Gas and observation flights over the past two months confirm the level of activity at Whakaari/White Island remains low. The primary surface activity is still mostly minor steam and gas emissions from the active vents. No eruptive activity was observed in the past few months, and beside some drop in water level in the crater lake, the active crater has not changed significantly. The Volcanic Alert Level remains at 2.
Observations from the most recent observation flight on Friday 15 December 2023 show that the steam and gas plumes continue to originate from the cluster of active fumaroles on the west shore of the lake. Discharge rates are in a similar range to previous observations over the last year. The water level of the lake has dropped, isolating a minor pool from the main body of the lake. This pool and one immediately to the north are discoloured as gas passing through disturbs the sediments.
When local atmospheric conditions allow, steam and gas plumes can be seen above the island from the coast and our Whakatāne web camera. Based on these coastal observations and our regular flights, there has been no evidence of ash emission or eruptive activity over the past few months.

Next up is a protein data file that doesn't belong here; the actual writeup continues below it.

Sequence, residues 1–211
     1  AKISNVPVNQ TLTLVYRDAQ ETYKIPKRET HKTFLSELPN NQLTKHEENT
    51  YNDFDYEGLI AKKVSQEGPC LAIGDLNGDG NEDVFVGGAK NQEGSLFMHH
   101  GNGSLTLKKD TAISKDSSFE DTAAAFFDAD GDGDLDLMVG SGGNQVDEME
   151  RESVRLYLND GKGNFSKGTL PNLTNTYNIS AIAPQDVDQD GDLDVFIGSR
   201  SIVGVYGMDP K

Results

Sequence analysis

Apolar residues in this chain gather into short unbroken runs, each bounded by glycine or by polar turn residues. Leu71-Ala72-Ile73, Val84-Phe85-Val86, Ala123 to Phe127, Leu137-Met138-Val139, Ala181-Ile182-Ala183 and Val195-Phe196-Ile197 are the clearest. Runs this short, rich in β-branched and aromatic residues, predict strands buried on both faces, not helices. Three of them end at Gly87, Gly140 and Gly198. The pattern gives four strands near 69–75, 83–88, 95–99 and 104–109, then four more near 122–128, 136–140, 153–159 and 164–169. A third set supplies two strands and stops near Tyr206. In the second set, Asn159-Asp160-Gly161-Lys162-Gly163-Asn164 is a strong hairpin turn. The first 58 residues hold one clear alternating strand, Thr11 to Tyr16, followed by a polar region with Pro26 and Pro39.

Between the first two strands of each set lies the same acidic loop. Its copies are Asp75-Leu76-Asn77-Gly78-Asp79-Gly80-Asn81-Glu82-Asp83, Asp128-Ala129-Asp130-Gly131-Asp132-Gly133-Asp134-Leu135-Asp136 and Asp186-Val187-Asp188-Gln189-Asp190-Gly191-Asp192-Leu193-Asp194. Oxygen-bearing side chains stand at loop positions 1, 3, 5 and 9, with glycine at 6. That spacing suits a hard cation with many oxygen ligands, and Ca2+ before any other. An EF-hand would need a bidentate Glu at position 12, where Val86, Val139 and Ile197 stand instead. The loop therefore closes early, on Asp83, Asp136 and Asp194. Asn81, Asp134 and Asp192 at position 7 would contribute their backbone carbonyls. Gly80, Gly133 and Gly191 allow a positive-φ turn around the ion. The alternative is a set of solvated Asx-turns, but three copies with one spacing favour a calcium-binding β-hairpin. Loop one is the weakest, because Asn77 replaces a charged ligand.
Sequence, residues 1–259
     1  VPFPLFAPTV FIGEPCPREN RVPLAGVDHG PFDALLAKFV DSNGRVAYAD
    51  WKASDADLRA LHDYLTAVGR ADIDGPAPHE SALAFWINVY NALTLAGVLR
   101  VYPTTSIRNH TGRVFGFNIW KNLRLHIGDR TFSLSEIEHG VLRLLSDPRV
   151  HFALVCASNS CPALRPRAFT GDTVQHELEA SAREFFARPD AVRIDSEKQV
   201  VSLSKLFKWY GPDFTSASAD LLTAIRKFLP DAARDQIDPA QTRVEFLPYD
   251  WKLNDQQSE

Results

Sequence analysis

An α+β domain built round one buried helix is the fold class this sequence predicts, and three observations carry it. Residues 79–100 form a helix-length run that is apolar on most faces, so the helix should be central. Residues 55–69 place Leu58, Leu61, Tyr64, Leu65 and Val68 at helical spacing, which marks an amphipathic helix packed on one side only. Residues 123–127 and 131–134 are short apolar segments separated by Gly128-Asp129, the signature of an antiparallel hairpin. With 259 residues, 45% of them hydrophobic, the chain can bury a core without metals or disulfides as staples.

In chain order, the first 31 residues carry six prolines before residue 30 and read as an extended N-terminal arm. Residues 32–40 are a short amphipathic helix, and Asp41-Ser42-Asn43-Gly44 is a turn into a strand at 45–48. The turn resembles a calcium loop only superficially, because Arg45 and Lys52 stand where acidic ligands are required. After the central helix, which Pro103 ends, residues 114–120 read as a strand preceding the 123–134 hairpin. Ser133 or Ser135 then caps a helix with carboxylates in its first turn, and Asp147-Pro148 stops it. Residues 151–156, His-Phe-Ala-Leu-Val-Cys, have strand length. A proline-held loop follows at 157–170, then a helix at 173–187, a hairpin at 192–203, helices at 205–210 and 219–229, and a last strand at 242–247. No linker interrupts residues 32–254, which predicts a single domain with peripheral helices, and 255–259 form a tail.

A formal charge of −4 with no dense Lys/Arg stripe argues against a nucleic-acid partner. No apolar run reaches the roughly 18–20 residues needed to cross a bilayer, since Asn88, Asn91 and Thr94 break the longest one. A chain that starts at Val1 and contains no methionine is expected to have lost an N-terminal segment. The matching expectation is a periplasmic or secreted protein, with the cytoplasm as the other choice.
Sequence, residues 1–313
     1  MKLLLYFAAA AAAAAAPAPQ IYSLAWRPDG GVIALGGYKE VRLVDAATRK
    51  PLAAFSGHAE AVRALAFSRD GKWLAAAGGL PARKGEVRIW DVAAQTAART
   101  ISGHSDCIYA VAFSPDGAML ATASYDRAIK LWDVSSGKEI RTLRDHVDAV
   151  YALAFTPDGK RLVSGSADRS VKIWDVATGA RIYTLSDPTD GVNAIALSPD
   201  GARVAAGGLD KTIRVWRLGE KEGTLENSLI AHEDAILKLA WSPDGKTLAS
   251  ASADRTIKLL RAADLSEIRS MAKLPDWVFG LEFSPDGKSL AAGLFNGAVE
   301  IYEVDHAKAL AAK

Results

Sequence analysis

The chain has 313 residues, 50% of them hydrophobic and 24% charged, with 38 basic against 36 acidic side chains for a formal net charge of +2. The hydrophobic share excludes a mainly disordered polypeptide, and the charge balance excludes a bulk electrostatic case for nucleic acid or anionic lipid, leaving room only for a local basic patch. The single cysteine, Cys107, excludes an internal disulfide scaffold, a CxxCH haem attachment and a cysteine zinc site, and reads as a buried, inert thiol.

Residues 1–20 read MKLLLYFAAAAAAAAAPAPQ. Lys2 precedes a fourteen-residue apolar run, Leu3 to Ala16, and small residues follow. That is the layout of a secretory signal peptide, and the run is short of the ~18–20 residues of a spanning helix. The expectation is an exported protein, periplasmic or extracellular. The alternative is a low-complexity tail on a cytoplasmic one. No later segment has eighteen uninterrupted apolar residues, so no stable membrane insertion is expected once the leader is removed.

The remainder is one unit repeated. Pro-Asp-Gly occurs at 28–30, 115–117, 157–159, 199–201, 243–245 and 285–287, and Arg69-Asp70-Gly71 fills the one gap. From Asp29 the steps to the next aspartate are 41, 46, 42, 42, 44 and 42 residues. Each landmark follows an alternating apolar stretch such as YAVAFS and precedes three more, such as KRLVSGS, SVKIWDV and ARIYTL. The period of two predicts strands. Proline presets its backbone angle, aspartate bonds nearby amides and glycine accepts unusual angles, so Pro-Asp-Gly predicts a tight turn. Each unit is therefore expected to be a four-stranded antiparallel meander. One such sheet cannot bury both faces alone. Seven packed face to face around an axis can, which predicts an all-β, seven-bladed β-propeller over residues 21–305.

Gas emission rates and steam discharge remain within typical values, tending to the moderate - low range during the year. Measurements from regular observation flights have recorded a general decline in the temperatures from the larger steam and gas vents through the year.
We will continue to make regular observation and gas measurement flights to monitor the status of the island. These are complimented by satellite-based ground deformation data approximately every 10 days that allows us to observe ground deformation trends. We also get daily satellite-based Sulphur Dioxide (SO2) emission measurements, although this technique is not as sensitive as our gas measurement flights. Neither of these satellite techniques have detected significant changes in the overall activity at the volcano over the past few months.
The Volcanic Alert Level remains at Level 2 (moderate to heightened unrest) and the Aviation Colour Code remains at Yellow, acknowledging the current level of activity, but also continuing to consider the greater level of uncertainty in our interpretation due to the current lack of consistent, usable real-time data.
The Volcanic Alert Level reflects the current level of volcanic unrest or activity and is not a forecast of future activity. While Volcanic Alert Level 2 is mostly associated with volcanic unrest hazards (including discharge of steam and hot volcanic gases, earthquakes, landslides, and hydrothermal activity), potential for eruption hazards also exists and eruptions can still occur with little or no warning.
Further information about the Volcanic Alert Levels and what they mean can be found here.
GNS Science’s National Geohazards Monitoring Centre and Volcano Monitoring Group, through the GeoNet programme, continue to monitor Whakaari/White Island for further changes in unrest.
Agnes Mazot Duty Volcanologist
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